Pripyat was a normal town in northern Ukraine until the early hours of 26th April, 1986. This was the night of the huge disaster at the Chernobyl nuclear power plant. Pripyat was one of the towns closest to the plant and so was tragically affected by the disaster. Despite the scale of the explosions and subsequent radiation leak, the town was not evacuated until days after the fires were extinguished due to lack of understanding and communication surrounding the extent of the possible damage and harm that the radioactive smoke and debris could cause.
I found reading about the effects of the radiation on the people of Pripyat and other nearby towns to be heart-breaking. Even today, some people are still becoming ill from exposure to the radiation.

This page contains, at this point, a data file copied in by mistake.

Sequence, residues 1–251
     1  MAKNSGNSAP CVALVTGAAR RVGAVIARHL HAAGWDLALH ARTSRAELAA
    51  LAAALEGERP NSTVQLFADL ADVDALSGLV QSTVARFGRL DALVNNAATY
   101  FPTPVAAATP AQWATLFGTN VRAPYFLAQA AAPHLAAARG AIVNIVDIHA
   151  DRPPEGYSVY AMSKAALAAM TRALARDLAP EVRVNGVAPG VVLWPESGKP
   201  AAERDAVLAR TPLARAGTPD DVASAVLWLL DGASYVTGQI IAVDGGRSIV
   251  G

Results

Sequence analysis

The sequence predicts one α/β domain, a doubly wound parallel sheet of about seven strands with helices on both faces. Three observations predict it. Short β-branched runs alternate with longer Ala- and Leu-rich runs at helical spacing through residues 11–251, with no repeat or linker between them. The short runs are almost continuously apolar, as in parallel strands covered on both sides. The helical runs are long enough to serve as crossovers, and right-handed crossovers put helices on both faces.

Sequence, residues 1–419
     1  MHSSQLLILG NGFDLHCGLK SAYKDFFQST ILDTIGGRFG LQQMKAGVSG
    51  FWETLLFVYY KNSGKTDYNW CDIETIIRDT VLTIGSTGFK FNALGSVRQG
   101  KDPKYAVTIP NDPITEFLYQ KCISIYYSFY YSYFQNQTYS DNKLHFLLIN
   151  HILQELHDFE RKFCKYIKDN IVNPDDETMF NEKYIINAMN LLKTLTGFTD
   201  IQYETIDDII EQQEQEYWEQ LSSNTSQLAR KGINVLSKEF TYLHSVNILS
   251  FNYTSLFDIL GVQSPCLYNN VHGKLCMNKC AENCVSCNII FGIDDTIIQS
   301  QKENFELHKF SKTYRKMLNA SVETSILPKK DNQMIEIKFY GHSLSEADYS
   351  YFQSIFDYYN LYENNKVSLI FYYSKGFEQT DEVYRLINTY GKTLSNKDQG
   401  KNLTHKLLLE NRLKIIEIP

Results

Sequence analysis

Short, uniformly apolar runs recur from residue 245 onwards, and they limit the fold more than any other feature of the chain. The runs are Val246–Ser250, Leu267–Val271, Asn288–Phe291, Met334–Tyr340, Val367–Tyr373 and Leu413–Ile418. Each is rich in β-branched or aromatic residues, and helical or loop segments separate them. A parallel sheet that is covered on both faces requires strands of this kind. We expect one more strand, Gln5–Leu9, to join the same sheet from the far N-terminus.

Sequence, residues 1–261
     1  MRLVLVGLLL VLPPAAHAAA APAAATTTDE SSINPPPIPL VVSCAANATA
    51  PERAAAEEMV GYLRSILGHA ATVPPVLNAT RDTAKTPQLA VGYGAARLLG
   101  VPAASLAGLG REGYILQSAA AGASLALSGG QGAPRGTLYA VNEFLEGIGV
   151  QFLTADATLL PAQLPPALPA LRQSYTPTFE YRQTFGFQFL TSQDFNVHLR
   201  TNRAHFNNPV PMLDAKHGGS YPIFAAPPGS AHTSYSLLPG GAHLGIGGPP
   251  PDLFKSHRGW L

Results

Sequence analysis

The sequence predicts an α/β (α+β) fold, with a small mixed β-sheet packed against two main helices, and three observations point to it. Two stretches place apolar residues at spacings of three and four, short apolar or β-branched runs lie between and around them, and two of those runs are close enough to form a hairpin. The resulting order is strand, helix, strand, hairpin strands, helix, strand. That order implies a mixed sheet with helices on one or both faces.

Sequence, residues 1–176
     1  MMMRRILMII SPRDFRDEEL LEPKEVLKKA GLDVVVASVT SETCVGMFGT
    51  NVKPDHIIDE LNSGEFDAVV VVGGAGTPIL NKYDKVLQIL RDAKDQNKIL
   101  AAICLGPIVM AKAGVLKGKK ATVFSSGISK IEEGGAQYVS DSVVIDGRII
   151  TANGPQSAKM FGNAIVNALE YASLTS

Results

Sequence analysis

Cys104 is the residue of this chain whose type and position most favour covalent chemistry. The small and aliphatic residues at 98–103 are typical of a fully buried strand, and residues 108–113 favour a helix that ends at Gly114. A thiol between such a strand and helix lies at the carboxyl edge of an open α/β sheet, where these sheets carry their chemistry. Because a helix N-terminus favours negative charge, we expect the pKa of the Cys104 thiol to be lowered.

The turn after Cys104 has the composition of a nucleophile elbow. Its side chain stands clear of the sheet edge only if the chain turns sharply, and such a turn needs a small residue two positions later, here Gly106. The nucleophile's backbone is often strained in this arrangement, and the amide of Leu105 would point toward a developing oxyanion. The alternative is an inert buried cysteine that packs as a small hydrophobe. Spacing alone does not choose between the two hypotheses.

When the people of Pripyat were initially told of the evacuation plan, they were told only to take essential personal belongings as the authorities believed that they would only be away from their homes for a matter of days. As we know now, the unfortunate inhabitants of Pripyat would never be allowed to return to their homes permanently. Because of this, some of the homes that are still standing untouched now contain almost all the previous owners possessions; it is almost like the house is frozen in time.
This house was left abandoned by its owners. However, before they left they did write a short message on its exterior wall. The message reads: “Forgive me, my house, and goodbye!”
It was fascinating to see the photographs of the town which is now being reclaimed by nature. There is trees and plants sprouting up throughout the town and wildlife are now making their homes in the town as it is deserted and they are free to roam.